Learning Lament, Part 3

Last week we talked about how it is possible to express the fullness of our anguish without questioning God’s love and goodness. That being true, suffering will always reveal our need, lack, and/or unbelief that is best responded to with some kind of confession.

Confession of Need in Lament

The first type of confession in lament I want to address is the confession of need. If we are lamenting well we are likely already doing this. When we are brought to grief’s door we are confronted with our human finitude. We find there is so much we can not control and so many ways that we are powerless. True Biblical lament will include the lamenter laying out her grief before the Lord and confessing that she needs God Almighty’s help. In this, we confess that He is the all-powerful, all-knowing, completely perfect God and we are not. This confession will be met with grace in our time of need.

Confession of Unbelief in Lament

It is absolutely possible to express the fullness of your anguish and still be trusting fully in God. Yet in our lamenting, we are zipping open the pocket of our heart and dumping out its contents into our heavenly Father’s gentle hands. With the contents emptied, we may find deeply hued raw diamonds, that key to your last apartment you thought you had lost, a twenty-dollar bill, a handful of change, an old receipt, and a petrified French fry. We will see a mixture of belief and unbelief, faith and distrust, humility and pride, selflessness and selfishness, righteous anger and vengeance - we will find that we are a mixed bag of sinfulness and saintliness. Any unbelief found will not disqualify the validity of our laments, it is simply an opportunity to repent and allow the Lord to grow us in righteousness while purifying our intentions and faith. We can openly sob our laments to God, not worrying if we are doing so in some manner of disbelief but trust that the Holy Spirit will gently guide us. Weep your laments to the Lord fearlessly for He is doing a mighty and complex work. God honors your heartfelt laments and will lead you to holiness.

We are Sufferers, Sinners, and Saints

Because we are saints living and suffering in a fallen world, there will always be a mix of sin, suffering, and saintliness pouring from within us. The suffering must be met with a calling out to God that brings comfort, the saintliness must be followed up with praise to God for his blessing, and the sin must be followed up with confession to God. Our prayers will likely be any mix of the three.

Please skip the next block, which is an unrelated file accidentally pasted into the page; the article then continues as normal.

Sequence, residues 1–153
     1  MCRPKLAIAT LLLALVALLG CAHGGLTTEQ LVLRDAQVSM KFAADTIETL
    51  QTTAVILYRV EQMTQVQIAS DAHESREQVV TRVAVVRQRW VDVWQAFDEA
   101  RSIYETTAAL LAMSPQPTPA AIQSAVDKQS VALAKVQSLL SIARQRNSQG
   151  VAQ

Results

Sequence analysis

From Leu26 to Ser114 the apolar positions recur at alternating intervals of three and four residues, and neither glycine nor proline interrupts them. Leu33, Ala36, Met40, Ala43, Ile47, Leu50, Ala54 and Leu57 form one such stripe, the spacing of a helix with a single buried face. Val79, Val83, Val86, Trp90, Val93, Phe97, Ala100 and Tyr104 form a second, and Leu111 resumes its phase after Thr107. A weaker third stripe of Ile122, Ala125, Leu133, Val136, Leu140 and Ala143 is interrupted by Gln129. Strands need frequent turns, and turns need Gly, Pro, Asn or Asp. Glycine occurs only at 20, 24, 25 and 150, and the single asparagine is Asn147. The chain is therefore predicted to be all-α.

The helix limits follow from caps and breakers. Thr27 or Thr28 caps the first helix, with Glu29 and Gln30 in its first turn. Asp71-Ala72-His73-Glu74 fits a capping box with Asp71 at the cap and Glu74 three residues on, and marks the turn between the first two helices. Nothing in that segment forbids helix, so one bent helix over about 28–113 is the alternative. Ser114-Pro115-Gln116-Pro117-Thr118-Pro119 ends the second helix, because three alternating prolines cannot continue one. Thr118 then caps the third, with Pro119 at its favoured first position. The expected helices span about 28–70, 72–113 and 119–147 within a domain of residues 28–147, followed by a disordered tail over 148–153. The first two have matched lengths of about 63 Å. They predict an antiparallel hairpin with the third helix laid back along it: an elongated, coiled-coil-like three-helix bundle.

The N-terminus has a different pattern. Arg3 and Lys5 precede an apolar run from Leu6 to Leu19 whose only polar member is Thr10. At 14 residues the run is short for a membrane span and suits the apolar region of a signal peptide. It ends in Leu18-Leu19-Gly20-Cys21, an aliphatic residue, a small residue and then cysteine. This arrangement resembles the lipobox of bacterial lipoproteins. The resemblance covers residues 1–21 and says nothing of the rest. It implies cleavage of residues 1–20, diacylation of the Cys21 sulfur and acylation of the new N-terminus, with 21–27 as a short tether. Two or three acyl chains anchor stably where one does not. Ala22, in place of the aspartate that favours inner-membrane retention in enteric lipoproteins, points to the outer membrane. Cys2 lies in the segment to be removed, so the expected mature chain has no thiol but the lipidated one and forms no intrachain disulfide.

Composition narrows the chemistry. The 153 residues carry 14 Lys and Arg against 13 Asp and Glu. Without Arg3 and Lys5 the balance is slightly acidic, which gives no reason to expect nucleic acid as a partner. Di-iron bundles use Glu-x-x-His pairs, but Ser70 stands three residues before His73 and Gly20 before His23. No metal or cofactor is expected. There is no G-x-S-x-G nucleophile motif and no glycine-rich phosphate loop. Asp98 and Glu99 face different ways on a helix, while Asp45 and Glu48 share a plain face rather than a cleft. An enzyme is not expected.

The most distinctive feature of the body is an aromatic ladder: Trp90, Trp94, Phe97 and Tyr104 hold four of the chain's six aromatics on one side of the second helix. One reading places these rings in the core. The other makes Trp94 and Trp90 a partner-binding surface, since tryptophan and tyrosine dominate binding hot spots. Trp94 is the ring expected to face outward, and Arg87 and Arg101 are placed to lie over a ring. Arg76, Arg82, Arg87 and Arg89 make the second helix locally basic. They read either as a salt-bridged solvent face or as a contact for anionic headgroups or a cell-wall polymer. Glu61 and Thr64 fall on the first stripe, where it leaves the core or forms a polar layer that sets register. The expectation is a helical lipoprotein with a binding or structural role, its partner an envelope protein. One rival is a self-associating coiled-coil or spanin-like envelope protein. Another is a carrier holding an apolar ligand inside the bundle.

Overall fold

From time to time I feel more heavily the pressure of pain and general deregulation of my body processing normal irritations as trauma. I am not in danger but my body perceives that I am. I want to respond, I want to act out, I want to make the insanity stop. These desires are a mix of my being. I am a sinner responding to suffering and a saint saved by grace seeking to practice restraint. Suffering brings out this human complexity.

For the saint, suffering is like a spherical slope on which we will slide in one way or another. We can lean into Christ and act out our faith in Him or we can lean in the other direction and act out our unbelief. Often we will tumble back and forth like a game of Plinko rolling in and out of our saintliness and sinfulness. Suffering is a refining fire testing our ability to believe God's promises and have faith that he works everything for good. As those fires of suffering rage, our belief and unbelief will be exposed in their many forms and degrees. They are revealed to us so that we may see what is in our hearts and that the Lord may honor belief as well as wipe clean the dross of unbelief. This is the blessed sanctification that happens amid suffering. As God tells us, “Behold, I have refined you, but not as silver; I have tried you in the furnace of affliction” (Isaiah 48:1 and reiterated by the Apostle Peter in 1 Peter 1:6-7). As we are refined by fire, it is typically an exception - not the rule - that we will lament without any measure of unbelief. This is where God invites us to grow in trust and confess to him the ways we have distrusted Him that were previously hidden to us before their revealing in the furnace.

The Role of Repentance